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Last Updated: Tuesday, 28 March 2006, 06:57 GMT 07:57 UK
PM backs US-Pacific climate deal
John Howard and Tony Blair
Mr Blair is touring Australia, New Zealand and Indonesia
Tony Blair has defended an Asia-Pacific pact on climate change, saying it is not aimed at undermining the Kyoto Protocol on cutting gas emissions.

During a visit to Australia, Mr Blair said the initiatives were "all tending in the same direction".

The Asia-Pacific partnership, of China, India, the US, Australia, Japan and South Korea, seeks technologies to cut emissions rather than setting targets.

The UK prime minister is on a tour of Australia, New Zealand and Indonesia.

In January, Australia hosted the first meeting of the Asia-Pacific Partnership on Clean Development and Climate.


Australia and the US have not signed up to the Kyoto Protocol, under which industrialised countries commit to cutting combined carbon emissions to 5% below 1990 levels by 2008-12.

They say Kyoto threatens economic growth and is worthless without commitments from major developing countries like China and India.

In Canberra on Tuesday, Mr Blair said: "I think the fact that you've got these initiatives at the moment, all tending in the same direction, is actually a positive sign, it's not a negative one.

"Britain is not going to be the country whose future determines the future of the planet and the climate.

"It's going to be about China, India and America, as well as of course the Europeans, and Japan and other countries like Australia.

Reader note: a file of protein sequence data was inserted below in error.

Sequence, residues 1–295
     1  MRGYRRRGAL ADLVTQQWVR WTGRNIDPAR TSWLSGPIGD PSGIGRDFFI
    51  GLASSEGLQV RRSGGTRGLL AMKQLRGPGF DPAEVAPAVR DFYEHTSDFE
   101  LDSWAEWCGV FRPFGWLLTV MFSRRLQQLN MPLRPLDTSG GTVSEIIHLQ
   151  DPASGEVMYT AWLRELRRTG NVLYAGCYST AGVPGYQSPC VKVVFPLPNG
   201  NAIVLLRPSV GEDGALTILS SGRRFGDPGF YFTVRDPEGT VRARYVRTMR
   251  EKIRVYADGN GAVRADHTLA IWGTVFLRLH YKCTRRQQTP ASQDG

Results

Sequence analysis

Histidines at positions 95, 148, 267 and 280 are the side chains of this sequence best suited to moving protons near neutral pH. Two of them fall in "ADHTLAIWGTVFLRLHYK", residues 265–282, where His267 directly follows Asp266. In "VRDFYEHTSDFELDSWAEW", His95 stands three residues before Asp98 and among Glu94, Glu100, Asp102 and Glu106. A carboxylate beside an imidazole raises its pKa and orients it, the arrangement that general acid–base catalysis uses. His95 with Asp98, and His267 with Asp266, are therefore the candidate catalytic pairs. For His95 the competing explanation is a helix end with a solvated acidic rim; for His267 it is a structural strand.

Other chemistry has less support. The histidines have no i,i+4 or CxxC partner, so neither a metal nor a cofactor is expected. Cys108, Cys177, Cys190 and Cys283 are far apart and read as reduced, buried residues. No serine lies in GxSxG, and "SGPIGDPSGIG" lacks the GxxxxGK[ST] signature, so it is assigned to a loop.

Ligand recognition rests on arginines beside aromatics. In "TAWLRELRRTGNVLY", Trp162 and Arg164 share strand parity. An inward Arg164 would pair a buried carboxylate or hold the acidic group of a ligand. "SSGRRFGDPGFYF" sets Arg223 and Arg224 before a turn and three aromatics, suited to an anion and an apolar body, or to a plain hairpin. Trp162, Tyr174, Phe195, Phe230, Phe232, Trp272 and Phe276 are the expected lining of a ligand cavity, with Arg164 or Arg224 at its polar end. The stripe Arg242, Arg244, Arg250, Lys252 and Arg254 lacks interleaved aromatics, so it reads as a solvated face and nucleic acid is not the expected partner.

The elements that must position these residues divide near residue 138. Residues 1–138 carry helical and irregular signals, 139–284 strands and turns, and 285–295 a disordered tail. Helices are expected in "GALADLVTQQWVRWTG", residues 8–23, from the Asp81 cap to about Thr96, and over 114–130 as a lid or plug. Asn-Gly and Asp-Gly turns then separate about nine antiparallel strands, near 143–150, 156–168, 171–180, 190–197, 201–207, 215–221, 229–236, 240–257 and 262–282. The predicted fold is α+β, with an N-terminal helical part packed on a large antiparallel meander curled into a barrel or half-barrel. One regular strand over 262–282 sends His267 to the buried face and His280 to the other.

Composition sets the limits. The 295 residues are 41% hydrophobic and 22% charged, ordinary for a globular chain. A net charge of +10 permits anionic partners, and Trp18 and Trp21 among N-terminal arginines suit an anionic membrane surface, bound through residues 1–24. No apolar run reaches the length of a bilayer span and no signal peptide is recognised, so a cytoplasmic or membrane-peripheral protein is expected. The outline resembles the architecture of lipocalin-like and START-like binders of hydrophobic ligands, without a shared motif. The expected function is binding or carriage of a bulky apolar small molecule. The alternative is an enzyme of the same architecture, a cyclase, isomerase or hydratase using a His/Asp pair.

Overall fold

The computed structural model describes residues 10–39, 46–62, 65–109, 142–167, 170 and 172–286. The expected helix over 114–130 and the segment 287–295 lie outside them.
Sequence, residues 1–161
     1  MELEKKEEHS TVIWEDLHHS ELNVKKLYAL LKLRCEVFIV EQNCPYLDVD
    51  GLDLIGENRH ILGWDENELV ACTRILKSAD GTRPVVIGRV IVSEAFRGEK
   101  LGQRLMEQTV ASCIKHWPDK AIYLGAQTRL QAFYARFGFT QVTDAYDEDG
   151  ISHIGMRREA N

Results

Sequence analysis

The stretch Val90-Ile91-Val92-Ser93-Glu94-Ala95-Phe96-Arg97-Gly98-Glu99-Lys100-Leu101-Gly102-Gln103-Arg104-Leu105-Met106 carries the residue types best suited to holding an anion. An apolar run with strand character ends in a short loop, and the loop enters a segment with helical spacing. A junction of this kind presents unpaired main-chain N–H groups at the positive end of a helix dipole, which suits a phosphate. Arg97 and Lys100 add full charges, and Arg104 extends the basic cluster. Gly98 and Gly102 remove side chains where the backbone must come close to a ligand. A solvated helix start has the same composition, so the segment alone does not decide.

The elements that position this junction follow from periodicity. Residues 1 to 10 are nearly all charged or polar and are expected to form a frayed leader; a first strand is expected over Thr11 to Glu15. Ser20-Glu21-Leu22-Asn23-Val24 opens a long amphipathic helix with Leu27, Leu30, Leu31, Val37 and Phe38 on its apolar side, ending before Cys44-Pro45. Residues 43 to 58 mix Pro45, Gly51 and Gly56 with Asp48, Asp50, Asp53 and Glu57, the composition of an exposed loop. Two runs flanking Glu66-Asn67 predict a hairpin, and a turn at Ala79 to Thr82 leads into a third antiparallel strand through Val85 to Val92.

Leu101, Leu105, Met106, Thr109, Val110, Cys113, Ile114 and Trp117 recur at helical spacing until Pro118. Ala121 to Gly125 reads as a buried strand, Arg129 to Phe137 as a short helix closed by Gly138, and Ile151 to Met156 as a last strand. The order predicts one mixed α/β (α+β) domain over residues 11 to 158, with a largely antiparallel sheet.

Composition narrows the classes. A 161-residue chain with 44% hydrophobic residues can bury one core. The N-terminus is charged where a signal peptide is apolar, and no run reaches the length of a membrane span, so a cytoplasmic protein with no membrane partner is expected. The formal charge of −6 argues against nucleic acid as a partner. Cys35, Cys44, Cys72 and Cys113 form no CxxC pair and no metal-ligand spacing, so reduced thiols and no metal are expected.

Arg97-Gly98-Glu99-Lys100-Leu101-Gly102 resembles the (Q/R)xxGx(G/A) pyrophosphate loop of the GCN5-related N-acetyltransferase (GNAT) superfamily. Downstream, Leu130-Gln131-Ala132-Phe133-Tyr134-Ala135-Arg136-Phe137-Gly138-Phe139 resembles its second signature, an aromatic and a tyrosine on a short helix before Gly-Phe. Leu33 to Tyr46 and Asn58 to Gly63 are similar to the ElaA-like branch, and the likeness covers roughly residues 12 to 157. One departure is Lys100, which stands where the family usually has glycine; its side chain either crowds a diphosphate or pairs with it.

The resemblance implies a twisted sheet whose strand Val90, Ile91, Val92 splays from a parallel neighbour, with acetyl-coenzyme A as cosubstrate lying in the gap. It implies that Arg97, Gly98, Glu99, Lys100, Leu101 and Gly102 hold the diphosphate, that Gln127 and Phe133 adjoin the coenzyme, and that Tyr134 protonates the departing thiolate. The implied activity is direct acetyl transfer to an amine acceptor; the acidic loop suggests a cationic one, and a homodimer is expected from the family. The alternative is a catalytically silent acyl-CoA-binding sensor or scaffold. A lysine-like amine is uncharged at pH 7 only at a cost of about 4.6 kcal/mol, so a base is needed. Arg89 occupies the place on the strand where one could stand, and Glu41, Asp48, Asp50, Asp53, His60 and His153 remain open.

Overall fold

"It is a completely unrealistic debate to say that you can have a climate-change agreement that doesn't involve China, and then America obviously, and then India, which is also a country of a billion people growing at a fast rate."


At a climate change conference in Montreal, Canada, in December, a broad group of countries including the US agreed to non-binding talks on long-term climate measures.

At a press conference alongside Australian Prime Minister John Howard, Mr Blair said: "We're going to have to see what is the framework that is going to incentivise business and industry and countries to develop the science and technology to allow us to grow in a clean way."

He added: "Will it be possible to get an agreement on such a framework? I don't think you can tell at the moment. Do we need one, in my view? Ultimately, yes, we are going to need a framework."

Mr Blair later travelled to Auckland, New Zealand. The last official visit from a British prime minister was made by John Major in 1995 for a Commonwealth heads of government meeting.

Mr Blair is due to hold discussions on Wednesday with Prime Minister Helen Clark, including looking at setting up annual talks on security issues.


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